The term bradycardia refers to an abnormally slow heart rate, of under 60 beats per minute (bpm).
Normal heart rate
The heart has a complex system of nerves that conduct the electrical impulses fired by the sino-atrial node (SA node) and spread them throughout the heart, causing it to pump. A normal heartbeat begins with an impulse fired from the SA node reaching the atria which contract and push blood into the ventricles. The impulse then reaches the atrioventricular node (AV node), which regulates the flow of the impulse as it passes between the atria and ventricles. The impulse then flows down into the ventricles causing them to contract and pump blood around the body. This cycle is repeated and continues throughout a person’s lifetime. The SA node therefore sets the rate and rhythm of the heart and is also called the pacemaker of the heart.
A normal adult heart beats 60 to 100 times per minute, in a regular pattern. This is called the sinus rhythm.
What is bradycardia?
Sometimes, the pathway that conducts the impulse through the heart is blocked or damaged and the heart’s rhythm is disrupted. When this causes the heart to beat too slowly, a person is said to have bradycardia. Bradycardia can impair the heart’s ability to pump blood around the body.
Bradycardia occurs if impulses are sent from the SA node at a decreased rate or if their conduction is delayed. Usually, a decline in heart rate to below 50 or 60 bpm is termed bradycardia.
Types of bradycardia
In many cases, bradycardia is not a dangerous condition and does not require treatment. For example, sinus bradycardia is a type of bradycardia that occurs in response to being deeply relaxed or extremely fit. Sinus bradycardia is commonly observed in athletes. On the other hand, bradycardia may be caused by ageing of the heart’s conduction system, heart disease or medications used to treat high blood pressure or arrhythmia.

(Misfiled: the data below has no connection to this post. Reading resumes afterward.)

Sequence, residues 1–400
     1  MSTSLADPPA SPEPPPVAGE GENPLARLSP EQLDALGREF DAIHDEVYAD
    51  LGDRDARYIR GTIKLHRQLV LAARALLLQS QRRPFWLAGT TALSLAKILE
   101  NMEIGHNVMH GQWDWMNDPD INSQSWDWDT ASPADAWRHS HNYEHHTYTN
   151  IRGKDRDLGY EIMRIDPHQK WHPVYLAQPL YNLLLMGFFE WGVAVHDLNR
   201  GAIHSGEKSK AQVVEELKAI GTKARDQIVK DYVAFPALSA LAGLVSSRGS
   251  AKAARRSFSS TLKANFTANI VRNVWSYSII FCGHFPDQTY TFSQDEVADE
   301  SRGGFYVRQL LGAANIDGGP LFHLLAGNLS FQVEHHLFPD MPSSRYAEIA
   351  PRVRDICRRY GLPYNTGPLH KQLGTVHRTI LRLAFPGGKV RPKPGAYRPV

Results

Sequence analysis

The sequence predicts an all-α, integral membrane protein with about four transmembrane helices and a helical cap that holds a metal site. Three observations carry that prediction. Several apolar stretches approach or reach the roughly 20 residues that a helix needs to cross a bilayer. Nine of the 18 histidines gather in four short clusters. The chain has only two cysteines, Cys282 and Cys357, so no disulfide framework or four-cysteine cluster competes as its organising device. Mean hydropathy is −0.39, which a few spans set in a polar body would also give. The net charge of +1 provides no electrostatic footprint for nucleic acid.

Another cause of bradycardia is sick sinus syndrome, which occurs when the SA node fails to generate the impulse needed for a heartbeat. Sick sinus syndrome can cause bradycardia, tachycardia (a fast heart rate) or a mixture of the two, referred to as brady–tachy syndrome. Patients with sick sinus syndrome may feel dizzy and tired and be prone to fainting.
Heart block is another cause of bradycardia that occurs when impulses flowing through the AV node to the ventricles are blocked. Also called AV block, this condition is divided into categories depending on its severity. These include:
- First-degree heart block – The impulses are slowed as they pass through the AV node but they still reach the ventricles. Treatment is not usually required.
- Second-degree heart block – Some of the electrical impulses do not reach the ventricles and a pacemaker may be required to control the heart’s rhythm.
- Third-degree heart block refers to a complete failure of signals from the SA node to reach the ventricles. This is usually the result of underlying disease and a pacemaker may be implanted to keep the heart pumping regularly.
Diagnosis and treatment
Bradycardia is often symptomless, but in cases of third-degree heart block, symptoms may be severe and the condition is diagnosed using an electrocardiogram (ECG).
The main approaches to treating bradycardia involve the discontinuation of any drugs that slow the heart rate, treating underlying disease and fitting the patient with a pacemaker.
A pacemakers is a small device that is implanted beneath the collar bone and connected to a wire inside the heart. The device detects when the heart rate is slow, at which point it fires electrical signals to stimulate the organ and ensure it pumps at a normal rate.
Reviewed by Sally Robertson, BSc